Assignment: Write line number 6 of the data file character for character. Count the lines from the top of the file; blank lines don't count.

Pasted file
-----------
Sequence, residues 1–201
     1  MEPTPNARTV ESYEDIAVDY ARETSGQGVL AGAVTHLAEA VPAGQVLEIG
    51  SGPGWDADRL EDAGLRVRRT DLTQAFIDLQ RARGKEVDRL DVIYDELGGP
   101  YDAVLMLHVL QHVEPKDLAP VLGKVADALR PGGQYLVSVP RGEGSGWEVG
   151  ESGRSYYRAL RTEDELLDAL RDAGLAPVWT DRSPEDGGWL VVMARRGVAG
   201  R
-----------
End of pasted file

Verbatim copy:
   201  R